According to Judis, the Clinton campaign failed to “appreciate” something that journalists did understand. They failed to see that Obama “was history” (in a good sense)—that he was in a different category from all the regular pols. It was one thing to go negative on McCain/Romney/Clinton—and it was a “different” thing to do this to Obama! And according to Judis, “members of the media” understood this. “As Clinton began treating Obama as just another politician, they recoiled and threw their support to him.”

Good God! That’s just a stunning statement. And yes, that is what he said. According to Judis, “members of the media” knew that Obama was a special case—a more important historical figure than Clinton. “And as Clinton began treating Obama as just another politician, they...threw their support to him.”

Once again, go ahead. Just try to believe that he said it.

Judis makes several remarkable statements in this striking passage. First, he makes it explicit: In his view, it’s more important that Obama become the first African-American president than that Clinton become the first woman. “Race is the deepest and oldest and most bitter conflict in American history,” he writes—“the cause of our great Civil War and of the upheavals of the 1950s and '60s.” We don’t disagree with that quoted statement. (Though, of course, there were other upheavals during the 1950s and 60s.) Still, it’s striking when a high-ranking scribe states the conclusion which Judis states—that our tortured racial history makes Obama’s candidacy more important than Clinton’s. But it’s where that judgment takes Faire Judis that makes his piece so remarkable.

In the sweep of American history, Judis thinks Obama’s candidacy is more important than Clinton’s. We don’t necessarily share that view—on balance, we’d vote for the most capable candidate—but we certainly don’t have a problem with some pundit expressing that viewpoint. But according to Judis, “members of the media” didn’t express that view during South Carolina. According to Judis, they did something quite different; they “threw their support to Obama!” As far as we know, they didn’t tell you they were doing that—nor did they tell you why they had done it. Indeed, Judis is careful—as these fellows always are—when he describes what this entailed. How did journalists “throw their support to Obama?” As usual, the bird flies very far from the nest when he offers his lone example:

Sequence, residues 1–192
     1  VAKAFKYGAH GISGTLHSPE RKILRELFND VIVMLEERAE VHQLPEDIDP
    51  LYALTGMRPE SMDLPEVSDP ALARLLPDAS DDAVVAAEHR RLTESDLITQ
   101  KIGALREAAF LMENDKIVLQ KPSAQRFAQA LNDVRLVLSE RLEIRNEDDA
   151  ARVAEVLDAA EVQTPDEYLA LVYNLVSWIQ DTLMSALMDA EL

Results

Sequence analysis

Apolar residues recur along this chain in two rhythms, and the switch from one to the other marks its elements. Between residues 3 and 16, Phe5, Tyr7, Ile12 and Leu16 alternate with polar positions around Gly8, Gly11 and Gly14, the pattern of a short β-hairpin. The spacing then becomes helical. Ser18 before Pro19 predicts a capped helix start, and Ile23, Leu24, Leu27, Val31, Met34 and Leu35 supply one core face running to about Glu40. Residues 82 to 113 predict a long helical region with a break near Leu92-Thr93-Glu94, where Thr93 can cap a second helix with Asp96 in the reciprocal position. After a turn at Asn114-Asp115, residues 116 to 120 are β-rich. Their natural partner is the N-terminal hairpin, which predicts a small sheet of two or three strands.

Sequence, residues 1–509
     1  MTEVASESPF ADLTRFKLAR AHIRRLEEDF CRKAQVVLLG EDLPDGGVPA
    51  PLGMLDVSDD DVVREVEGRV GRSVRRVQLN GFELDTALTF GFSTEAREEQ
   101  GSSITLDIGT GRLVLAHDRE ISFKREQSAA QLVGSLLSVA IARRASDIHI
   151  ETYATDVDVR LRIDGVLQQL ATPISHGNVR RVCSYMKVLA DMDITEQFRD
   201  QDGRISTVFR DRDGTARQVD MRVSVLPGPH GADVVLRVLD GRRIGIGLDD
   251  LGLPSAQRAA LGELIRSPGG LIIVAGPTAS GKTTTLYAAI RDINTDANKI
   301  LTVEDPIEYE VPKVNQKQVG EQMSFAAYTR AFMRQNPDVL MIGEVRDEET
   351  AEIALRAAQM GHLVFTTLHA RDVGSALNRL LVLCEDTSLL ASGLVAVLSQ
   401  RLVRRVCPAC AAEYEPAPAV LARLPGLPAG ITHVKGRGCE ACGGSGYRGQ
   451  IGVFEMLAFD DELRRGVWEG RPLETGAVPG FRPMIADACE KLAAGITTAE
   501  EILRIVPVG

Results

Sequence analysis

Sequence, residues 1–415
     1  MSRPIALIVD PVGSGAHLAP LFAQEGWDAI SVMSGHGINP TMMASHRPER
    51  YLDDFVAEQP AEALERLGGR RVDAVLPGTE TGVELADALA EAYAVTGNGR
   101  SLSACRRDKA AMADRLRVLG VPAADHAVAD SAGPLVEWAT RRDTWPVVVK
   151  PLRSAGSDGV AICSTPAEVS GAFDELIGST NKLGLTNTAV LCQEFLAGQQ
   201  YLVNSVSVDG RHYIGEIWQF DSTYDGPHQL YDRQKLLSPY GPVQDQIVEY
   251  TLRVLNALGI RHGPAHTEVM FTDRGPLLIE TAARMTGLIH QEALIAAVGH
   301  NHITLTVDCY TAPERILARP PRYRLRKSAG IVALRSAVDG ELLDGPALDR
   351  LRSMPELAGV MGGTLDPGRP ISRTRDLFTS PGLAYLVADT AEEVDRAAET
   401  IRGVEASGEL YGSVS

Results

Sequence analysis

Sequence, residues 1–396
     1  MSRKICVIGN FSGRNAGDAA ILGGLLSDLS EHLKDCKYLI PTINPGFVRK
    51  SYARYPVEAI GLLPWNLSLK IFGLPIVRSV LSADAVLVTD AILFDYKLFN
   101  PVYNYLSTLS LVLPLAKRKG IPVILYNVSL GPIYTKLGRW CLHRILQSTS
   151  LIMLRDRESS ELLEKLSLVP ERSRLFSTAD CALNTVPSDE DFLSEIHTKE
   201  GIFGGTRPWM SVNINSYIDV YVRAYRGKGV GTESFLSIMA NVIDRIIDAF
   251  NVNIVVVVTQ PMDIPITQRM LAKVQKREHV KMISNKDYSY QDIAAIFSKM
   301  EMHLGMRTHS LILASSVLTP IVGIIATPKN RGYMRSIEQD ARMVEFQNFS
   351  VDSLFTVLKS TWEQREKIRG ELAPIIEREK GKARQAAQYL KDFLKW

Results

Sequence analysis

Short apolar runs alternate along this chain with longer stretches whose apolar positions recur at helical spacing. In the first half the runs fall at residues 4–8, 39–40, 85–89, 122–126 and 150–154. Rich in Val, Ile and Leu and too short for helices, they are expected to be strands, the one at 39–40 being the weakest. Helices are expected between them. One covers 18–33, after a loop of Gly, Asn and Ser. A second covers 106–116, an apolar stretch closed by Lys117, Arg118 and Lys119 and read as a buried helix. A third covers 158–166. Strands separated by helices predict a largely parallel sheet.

JUDIS: Clinton lost the opinion-making class's vote during those fateful early weeks of the primary season. This included her fellow politicians, who would serve as superdelegates, and the media. Even though Obama appeared to be on the skids after losing New Hampshire, he won a bunch of endorsements leading up to the South Carolina primary and Super Tuesday...Some of these endorsements might have come anyway, but several of the most important were provoked by Clinton's campaign.

There was a similar turn in the media. It showed up in newspaper endorsements. In backing Obama, the St. Louis Post-Dispatch admitted "to a certain 'Clinton fatigue,'" before launching into this: "The emergence of the former president as the Luca Brasi of the campaign trail reminds us of the worst of the Clinton years; the divisiveness and the bickering; the too-casual, if artful, blend of truth and half-truth. We're not eager for the replay." I heard the same refrain from journalists and bloggers who had been either pro-Hillary or on the fence. They used the same two words to explain their disenchantment with the Clinton campaign: "South Carolina." Indeed, I went from being pro-Hillary (because of her experience and comparative electability in a general election) to a fence-sitter during this period, and when primary day in Maryland came along, I left the booth without casting a vote.